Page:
Estrogen-induced disruption of intracellular iron metabolism leads to oxidative stress, membrane damage, and cell cycle arrest in MCF-7 cells

Khuloud Bajbouj, Jasmin Shafarin, Maher Y Abdalla, Iman M Ahmad, Mawieh Hamad

Research output: Contribution to journalArticle

4 Citations (Scopus)

Abstract

It is well established that several forms of cancer associate with significant iron overload. Recent studies have suggested that estrogen (E2) disrupts intracellular iron homeostasis by reducing hepcidin synthesis and maintaining ferroportin integrity. Here, the ability of E2 to alter intracellular iron status and cell growth potential was investigated in MCF-7 cells treated with increasing concentrations of E2. Treated cells were assessed for intracellular iron status, the expression of key proteins involved in iron metabolism, oxidative stress, cell survival, growth, and apoptosis. E2 treatment resulted in a significant reduction in hepcidin expression and a significant increase in hypoxia-inducible factor 1 alpha, ferroportin, transferrin receptor, and ferritin expression; a transient decrease in labile iron pool; and a significant increase in total intracellular iron content mainly at 20 nM/48 h E2 dose. Treated cells also showed increased total glutathione and oxidized glutathione levels, increased superoxide dismutase activity, and increased hemoxygenase 1 expression. Treatment with E2 at 20 nM for 48 h resulted in a significant reduction in cell growth (0.35/1 migration rate) and decreased cell survival (<80%) as compared with controls. Survivin expression significantly increased at 24 h post treatment with 5, 10, or 20 nM; however, that of γ-H2AX increased only after survivin levels dropped and only at the 20 nM E2 dose. Minimal upregulation and splitting of caspase 9 was only evident in cells treated with 20 nM E2; no changes in caspase 3 expression were evident. Although Annexin V staining studies showed that E2 treatment did not induce apoptosis, scanning electron microscopy studies showed marked membrane blebbing at 20 nM/48 h of E2. These findings suggest that estrogen treatment disrupts intracellular iron metabolism and precipitates adverse effects concerning cell viability, membrane integrity, and growth potential.

Original languageEnglish (US)
Pages (from-to)1-12
Number of pages12
JournalTumor Biology
Volume39
Issue number10
DOIs
StatePublished - Oct 1 2017

Fingerprint

MCF-7 Cells
Cell Cycle Checkpoints
Estrogens
Oxidative Stress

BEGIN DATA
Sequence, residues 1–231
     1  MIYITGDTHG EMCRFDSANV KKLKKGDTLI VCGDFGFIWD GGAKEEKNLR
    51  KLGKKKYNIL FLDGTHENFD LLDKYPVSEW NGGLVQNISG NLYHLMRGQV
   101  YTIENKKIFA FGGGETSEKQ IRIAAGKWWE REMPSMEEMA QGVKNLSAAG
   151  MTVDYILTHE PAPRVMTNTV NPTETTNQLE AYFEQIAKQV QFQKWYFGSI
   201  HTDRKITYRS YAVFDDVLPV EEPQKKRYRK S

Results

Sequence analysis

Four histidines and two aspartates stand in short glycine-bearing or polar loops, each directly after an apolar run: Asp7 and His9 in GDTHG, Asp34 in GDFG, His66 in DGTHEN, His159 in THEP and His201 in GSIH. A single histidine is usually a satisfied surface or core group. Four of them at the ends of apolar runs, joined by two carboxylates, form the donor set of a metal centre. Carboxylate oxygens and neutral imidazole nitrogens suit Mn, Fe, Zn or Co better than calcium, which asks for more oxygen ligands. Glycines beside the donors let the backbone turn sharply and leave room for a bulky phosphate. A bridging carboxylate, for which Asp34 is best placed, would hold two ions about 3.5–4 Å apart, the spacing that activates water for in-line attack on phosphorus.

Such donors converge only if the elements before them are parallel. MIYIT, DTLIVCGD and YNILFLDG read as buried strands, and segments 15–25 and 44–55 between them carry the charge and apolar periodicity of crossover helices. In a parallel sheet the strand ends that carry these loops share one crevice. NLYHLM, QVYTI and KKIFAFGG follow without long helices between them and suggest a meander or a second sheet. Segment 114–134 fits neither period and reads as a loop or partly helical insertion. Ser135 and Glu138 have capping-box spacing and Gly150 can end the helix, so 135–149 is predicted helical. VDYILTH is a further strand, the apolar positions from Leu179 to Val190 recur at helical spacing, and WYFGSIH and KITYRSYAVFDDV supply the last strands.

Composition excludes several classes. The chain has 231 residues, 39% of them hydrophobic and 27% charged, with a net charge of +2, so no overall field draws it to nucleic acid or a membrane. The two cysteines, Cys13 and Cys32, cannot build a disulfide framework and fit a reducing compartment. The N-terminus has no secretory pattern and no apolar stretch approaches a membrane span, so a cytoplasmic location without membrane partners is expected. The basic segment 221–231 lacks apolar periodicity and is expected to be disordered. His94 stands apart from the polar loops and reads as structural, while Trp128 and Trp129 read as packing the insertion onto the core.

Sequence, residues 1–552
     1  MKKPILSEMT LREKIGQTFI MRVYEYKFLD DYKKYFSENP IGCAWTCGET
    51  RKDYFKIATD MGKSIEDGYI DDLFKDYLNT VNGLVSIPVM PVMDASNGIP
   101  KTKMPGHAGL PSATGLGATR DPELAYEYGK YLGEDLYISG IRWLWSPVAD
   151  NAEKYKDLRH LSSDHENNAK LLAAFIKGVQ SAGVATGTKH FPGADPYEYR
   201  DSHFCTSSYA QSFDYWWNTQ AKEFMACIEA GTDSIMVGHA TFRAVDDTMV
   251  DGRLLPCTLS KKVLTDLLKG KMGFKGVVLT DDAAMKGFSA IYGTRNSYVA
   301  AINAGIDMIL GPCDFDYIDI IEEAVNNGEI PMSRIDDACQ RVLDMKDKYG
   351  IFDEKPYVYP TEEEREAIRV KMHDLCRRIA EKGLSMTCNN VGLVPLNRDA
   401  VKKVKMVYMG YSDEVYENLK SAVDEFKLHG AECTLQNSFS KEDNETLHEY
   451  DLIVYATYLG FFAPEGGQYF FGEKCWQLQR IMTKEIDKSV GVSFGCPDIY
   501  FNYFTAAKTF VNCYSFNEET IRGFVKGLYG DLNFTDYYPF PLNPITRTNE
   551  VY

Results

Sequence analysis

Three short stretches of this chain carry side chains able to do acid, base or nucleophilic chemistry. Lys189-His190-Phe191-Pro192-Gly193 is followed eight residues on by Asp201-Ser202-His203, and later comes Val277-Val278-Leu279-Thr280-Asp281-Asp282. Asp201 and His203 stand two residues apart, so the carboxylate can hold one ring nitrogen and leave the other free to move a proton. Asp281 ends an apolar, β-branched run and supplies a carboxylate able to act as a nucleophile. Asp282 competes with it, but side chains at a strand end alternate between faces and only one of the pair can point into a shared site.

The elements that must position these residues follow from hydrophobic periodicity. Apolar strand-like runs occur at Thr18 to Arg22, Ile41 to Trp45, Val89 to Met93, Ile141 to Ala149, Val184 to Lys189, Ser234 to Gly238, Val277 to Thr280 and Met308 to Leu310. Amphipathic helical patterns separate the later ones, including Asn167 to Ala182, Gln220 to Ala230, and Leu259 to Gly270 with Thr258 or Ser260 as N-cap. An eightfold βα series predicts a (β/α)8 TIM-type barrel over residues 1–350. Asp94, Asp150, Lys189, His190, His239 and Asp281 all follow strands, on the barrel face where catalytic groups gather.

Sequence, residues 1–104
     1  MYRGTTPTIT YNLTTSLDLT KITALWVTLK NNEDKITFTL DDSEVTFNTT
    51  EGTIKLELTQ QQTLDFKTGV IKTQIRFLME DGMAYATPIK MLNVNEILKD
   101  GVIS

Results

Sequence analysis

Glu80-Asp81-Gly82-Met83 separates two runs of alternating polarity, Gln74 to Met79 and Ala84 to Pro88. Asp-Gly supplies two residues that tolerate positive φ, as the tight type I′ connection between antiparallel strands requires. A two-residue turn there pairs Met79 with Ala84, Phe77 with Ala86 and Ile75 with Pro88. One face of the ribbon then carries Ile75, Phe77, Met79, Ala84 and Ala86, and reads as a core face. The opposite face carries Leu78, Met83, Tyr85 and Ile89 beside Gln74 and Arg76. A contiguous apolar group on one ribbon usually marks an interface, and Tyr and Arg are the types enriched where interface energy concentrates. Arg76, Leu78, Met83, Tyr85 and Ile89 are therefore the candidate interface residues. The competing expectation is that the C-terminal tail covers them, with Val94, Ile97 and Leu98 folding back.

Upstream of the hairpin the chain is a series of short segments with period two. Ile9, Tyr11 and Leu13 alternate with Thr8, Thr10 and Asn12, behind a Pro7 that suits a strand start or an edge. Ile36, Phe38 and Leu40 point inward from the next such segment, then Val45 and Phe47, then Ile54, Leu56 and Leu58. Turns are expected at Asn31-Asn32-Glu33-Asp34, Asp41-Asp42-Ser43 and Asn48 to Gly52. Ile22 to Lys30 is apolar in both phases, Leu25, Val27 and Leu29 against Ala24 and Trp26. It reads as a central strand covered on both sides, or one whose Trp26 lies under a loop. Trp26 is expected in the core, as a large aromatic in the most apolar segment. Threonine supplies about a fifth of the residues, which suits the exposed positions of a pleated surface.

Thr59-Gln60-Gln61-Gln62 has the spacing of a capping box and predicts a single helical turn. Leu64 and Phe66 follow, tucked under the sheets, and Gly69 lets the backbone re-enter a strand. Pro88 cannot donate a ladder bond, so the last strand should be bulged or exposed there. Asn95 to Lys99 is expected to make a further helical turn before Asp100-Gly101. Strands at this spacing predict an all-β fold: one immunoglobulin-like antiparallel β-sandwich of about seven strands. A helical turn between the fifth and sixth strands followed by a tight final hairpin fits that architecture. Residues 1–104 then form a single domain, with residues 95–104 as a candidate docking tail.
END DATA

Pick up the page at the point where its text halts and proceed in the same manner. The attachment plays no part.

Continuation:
Iron
Membranes
Hepcidins
Cell Survival
Growth
Apoptosis
Hypoxia-Inducible Factor 1
Transferrin Receptors
Iron Overload
Glutathione Disulfide
Caspase 9
Annexin A5
Blister
Ferritins
Caspase 3
Electron Scanning Microscopy

Keywords

  • Estrogen
  • ferritin
  • ferroportin
  • hepcidin
  • labile iron pool
  • MCF-7
  • oxidative stress

ASJC Scopus subject areas

  • Cancer Research

Cite this

Estrogen-induced disruption of intracellular iron metabolism leads to oxidative stress, membrane damage, and cell cycle arrest in MCF-7 cells. / Bajbouj, Khuloud; Shafarin, Jasmin; Abdalla, Maher Y; Ahmad, Iman M; Hamad, Mawieh.

In: Tumor Biology, Vol. 39, No. 10, 01.10.2017, p. 1-12.

Research output: Contribution to journalArticle

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abstract = "It is well established that several forms of cancer associate with significant iron overload. Recent studies have suggested that estrogen (E2) disrupts intracellular iron homeostasis by reducing hepcidin synthesis and maintaining ferroportin integrity. Here, the ability of E2 to alter intracellular iron status and cell growth potential was investigated in MCF-7 cells treated with increasing concentrations of E2. Treated cells were assessed for intracellular iron status, the expression of key proteins involved in iron metabolism, oxidative stress, cell survival, growth, and apoptosis. E2 treatment resulted in a significant reduction in hepcidin expression and a significant increase in hypoxia-inducible factor 1 alpha, ferroportin, transferrin receptor, and ferritin expression; a transient decrease in labile iron pool; and a significant increase in total intracellular iron content mainly at 20 nM/48 h E2 dose. Treated cells also showed increased total glutathione and oxidized glutathione levels, increased superoxide dismutase activity, and increased hemoxygenase 1 expression. Treatment with E2 at 20 nM for 48 h resulted in a significant reduction in cell growth (0.35/1 migration rate) and decreased cell survival (<80{\%}) as compared with controls. Survivin expression significantly increased at 24 h post treatment with 5, 10, or 20 nM; however, that of γ-H2AX increased only after survivin levels dropped and only at the 20 nM E2 dose. Minimal upregulation and splitting of caspase 9 was only evident in cells treated with 20 nM E2; no changes in caspase 3 expression were evident. Although Annexin V staining studies showed that E2 treatment did not induce apoptosis, scanning electron microscopy studies showed marked membrane blebbing at 20 nM/48 h of E2. These findings suggest that estrogen treatment disrupts intracellular iron metabolism and precipitates adverse effects concerning cell viability, membrane integrity, and growth potential.",
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